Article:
Is that a serious question? I can only assume that it is… although I find it hard to believe that you are that uninformed.

 The advantage of evolution is that it allows life to exploit more environments. If you are able to exploit a new and (to you) beneficial environment, your breeding is unrestricted by competition from ex-fellows and advantaged by an abundance of food.

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These are not devout physicalsts. They are spiritualists. They hold spirits in high esteem.
Read the book and read the research that goes with it. Correspond with the author. I did. Whether you accept anything I say is entirely inconsequential. If you are indeed a student of anthropology, you will be interested in something that adds new light to your knowledge.

Strangely, the author was most heavily involved in a linguistic argument with Chomsky, which, in relative terms, is the same as an (alleged) anthropologist of your persuasion, being presented with evidence countering the claim that religion is common, without exception, to all human society.

Read this: it’s longish, so concentrate. http://www.ffrf.org/publications/freethought-today/articles/the-pirahae-people-who-define-happiness-without-god/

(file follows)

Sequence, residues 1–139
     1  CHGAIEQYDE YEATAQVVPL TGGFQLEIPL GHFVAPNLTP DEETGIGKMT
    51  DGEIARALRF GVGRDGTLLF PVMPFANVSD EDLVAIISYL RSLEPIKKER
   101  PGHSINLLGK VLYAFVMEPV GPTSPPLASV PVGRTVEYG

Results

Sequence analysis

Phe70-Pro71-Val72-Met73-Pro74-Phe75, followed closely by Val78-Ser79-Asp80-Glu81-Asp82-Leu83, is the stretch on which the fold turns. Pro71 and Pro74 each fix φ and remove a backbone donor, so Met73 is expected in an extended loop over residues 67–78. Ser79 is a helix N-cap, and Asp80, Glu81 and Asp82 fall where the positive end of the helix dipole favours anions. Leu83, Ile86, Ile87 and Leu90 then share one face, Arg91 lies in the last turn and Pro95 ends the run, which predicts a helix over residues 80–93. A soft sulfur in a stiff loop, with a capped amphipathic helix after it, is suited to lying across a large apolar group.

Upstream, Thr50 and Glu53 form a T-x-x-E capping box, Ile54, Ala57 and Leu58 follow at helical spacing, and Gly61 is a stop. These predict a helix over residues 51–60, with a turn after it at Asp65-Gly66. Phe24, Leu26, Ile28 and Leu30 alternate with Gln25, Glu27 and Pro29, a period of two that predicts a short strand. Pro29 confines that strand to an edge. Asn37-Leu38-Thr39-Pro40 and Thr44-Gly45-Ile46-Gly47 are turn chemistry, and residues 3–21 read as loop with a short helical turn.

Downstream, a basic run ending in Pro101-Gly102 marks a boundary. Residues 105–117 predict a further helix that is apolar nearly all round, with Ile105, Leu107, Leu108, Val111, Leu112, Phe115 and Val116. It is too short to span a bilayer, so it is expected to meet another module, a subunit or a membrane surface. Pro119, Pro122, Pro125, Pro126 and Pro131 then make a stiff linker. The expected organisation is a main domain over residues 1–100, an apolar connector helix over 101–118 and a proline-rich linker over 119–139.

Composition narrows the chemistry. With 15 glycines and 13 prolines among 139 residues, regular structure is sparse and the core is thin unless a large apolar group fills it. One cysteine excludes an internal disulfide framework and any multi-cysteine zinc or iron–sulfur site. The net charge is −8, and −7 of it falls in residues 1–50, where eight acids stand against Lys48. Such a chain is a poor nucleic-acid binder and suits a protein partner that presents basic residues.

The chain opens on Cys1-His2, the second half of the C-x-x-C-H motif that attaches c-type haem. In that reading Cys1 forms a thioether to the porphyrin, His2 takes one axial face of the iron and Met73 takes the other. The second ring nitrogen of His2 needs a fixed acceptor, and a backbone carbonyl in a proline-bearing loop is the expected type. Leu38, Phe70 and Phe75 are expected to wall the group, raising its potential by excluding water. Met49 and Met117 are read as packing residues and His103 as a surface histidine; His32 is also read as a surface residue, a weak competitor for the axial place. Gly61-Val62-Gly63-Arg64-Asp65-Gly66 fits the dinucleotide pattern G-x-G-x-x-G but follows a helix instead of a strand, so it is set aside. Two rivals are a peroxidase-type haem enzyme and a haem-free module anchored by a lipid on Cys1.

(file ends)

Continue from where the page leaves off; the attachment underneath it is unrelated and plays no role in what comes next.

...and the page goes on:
I note you have not responded to my comparisons of your belief system and that of the Pirahã.

Right! Where's your 101?
RELIGION, n. A daughter of Hope and Fear, explaining to Ignorance the nature of the Unknowable. Ambrose Bierce

Offline Immediacracy

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Re: Teleology 101
« Reply #68 on: June 17, 2010, 06:40:47 PM »
The advantage of evolution is that it allows life to exploit more environments. If you are able to exploit a new and (to you) beneficial environment, your breeding is unrestricted by competition from ex-fellows and advantaged by an abundance of food.
Of course. But I'm not talking about a new environment, I'm talking about new species in the same environment. It's actually the life itself which creates new environments. Algae pumps out oxygen and transforms the atmosphere, a bit like the coral provides a supportive structural atmosphere for other life forms.

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Strangely, the author was most heavily involved in a linguistic argument with Chomsky, which, in relative terms, is the same as an (alleged) anthropologist of your persuasion, being presented with evidence countering the claim that religion is common, without exception, to all human society.
Why strangely? Most of his inferences are based on his translations of their language.

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Read this: it’s longish, so concentrate. http://www.ffrf.org/publications/freethought-today/articles/the-pirahae-people-who-define-happiness-without-god/

I liked the article, and I do see some similarities of his ideas about their culture and my ideas (Immediacy and Immediacracy are not that far apart in some respects). I'm more convinced so far though but the findings (long pdf) of the crew from Harvard, M.I.T., and University of Brasilia: